Recent changes in the Israel Prison Service regulations require paramedics at the Matan juvenile detention facility to play a double-role as prison guards. The new security regulations were set after six teenage African infiltrators
escaped from the facility over the summer.
"It's impossible to act both as a medical officer and a security team. This decision puts the teens's health
at risk," a paramedic raging against the decision told Ynet on Tuesday.
The IPS offered an official statement, saying that, "The new assignments were required due to changes in security regulations, and are being adapted to current needs. The paramedics were trained to be security guards and were integrated into different roles considering their primary task as paramedics."
The statement also stressed that "any medical need is being treated with the highest priority and is being addressed professionally."
The Matan facility currently holds dozens of teenaged inflators and refugees, who have arrived in Israel without their parents. Only two of the six who escaped the facility over the summer were caught so far.
Due to the escape, all 70 juvenile detainees were transferred to the Giveon Prison and were returned to the facility only last week, after major security revisions were made to it.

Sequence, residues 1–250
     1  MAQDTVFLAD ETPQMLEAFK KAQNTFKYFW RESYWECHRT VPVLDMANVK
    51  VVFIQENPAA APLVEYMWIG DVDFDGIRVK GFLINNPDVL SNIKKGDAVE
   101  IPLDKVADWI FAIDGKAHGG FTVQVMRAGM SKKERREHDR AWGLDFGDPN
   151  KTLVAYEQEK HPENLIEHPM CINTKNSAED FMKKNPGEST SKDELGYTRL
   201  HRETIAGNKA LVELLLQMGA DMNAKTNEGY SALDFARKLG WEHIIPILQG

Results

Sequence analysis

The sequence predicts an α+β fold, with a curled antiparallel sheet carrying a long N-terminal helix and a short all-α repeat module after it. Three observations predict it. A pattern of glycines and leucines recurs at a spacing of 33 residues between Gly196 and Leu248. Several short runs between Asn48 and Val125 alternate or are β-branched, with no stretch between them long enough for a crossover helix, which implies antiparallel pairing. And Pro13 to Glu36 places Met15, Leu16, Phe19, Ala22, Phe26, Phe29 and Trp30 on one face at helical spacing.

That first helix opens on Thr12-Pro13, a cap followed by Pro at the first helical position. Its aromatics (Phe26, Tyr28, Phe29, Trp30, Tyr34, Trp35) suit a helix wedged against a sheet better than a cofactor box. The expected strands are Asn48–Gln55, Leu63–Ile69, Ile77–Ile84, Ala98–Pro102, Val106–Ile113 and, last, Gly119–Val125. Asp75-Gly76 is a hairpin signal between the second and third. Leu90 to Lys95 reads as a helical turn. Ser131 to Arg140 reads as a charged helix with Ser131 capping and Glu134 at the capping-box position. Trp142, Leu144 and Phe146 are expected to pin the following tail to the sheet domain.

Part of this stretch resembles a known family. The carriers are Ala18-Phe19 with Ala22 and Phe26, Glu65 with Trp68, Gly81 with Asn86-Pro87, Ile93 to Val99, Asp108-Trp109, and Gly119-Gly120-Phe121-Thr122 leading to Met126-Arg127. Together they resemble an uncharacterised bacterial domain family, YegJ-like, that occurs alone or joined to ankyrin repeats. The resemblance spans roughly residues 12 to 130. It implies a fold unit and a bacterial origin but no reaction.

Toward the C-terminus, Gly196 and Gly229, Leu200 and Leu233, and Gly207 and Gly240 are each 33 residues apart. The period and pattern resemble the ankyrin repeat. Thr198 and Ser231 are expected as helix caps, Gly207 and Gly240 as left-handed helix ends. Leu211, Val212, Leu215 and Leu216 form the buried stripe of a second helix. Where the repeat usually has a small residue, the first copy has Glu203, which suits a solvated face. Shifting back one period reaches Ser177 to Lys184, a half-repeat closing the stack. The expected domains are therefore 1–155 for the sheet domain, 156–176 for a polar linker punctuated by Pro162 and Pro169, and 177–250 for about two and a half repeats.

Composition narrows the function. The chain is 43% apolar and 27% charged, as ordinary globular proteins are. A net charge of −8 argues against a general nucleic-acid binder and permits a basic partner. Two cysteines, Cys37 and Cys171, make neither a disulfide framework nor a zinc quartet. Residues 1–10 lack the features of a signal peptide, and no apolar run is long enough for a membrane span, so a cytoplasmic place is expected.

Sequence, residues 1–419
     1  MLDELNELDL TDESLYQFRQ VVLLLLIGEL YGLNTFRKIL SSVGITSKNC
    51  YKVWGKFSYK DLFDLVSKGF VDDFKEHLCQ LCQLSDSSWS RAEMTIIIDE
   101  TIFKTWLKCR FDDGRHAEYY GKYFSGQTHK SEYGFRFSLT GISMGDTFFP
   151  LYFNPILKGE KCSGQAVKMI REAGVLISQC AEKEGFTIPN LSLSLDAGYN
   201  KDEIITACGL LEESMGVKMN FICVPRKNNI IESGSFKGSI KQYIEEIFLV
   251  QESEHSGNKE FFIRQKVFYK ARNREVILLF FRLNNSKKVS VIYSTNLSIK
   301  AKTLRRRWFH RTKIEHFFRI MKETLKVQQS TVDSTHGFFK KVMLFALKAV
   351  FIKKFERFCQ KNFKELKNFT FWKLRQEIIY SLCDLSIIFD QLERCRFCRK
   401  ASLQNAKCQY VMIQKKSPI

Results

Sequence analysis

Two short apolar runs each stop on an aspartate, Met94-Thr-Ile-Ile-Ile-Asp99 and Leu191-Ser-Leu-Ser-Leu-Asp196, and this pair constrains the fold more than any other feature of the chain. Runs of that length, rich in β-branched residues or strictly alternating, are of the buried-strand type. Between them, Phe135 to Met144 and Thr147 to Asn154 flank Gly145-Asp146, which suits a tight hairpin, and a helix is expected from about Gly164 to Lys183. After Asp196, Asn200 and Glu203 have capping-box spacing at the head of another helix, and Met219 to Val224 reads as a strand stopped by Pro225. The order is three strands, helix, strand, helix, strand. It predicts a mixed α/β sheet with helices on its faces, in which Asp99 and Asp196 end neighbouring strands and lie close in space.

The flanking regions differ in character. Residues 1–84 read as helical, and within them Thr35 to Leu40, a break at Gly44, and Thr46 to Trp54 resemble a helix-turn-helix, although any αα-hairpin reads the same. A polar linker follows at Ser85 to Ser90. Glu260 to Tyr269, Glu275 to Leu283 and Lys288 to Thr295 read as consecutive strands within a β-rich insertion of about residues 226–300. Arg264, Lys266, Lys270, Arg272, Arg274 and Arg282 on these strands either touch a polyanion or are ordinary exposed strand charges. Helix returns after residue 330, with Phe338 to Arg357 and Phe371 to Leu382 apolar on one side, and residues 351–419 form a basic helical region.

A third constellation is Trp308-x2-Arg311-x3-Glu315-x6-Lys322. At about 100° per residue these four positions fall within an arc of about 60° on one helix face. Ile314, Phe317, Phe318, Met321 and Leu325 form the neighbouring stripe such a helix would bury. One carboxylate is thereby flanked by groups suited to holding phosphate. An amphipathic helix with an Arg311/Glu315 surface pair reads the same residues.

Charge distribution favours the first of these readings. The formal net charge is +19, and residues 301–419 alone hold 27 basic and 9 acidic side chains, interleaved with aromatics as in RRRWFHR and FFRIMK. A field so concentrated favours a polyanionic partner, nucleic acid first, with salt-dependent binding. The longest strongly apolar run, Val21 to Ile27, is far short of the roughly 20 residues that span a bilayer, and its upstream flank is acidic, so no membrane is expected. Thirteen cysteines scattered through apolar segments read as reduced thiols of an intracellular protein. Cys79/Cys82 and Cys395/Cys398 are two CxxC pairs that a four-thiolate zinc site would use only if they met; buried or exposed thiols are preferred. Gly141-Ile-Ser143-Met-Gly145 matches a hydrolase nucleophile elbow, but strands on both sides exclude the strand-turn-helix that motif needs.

Upon their return, the facility's staff was notified that no new recruitments will take place, and that the paramedics will be given additional tasks as security guards.
"A paramedic has to constantly remain on-call rather than being on-guard," one of the paramedics told Ynet. "What's a paramedic to do when one of the teenagers needs an urgent medical attention while being on duty as a guard? Is he to abandon his post? Wait for someone to replace him while losing precious time? And how is he expected to medically treat the juveniles after guarding without getting any sleep?"
Other paramedics explained how dealing with security duties hurt the regular medical treatment, including three daily patrols through the youngsters' rooms, medical examinations, and urgent medical treatments.
According to Doctors for Human Rights official Anat Litvin, every facility has to have a paramedic on call 24/7: "It's an unbearable situation seriously impending ability to provide reasonable care." Litvin told Ynet, "There's a reason why these regulations exist."
Omri Efraim contributed to this report
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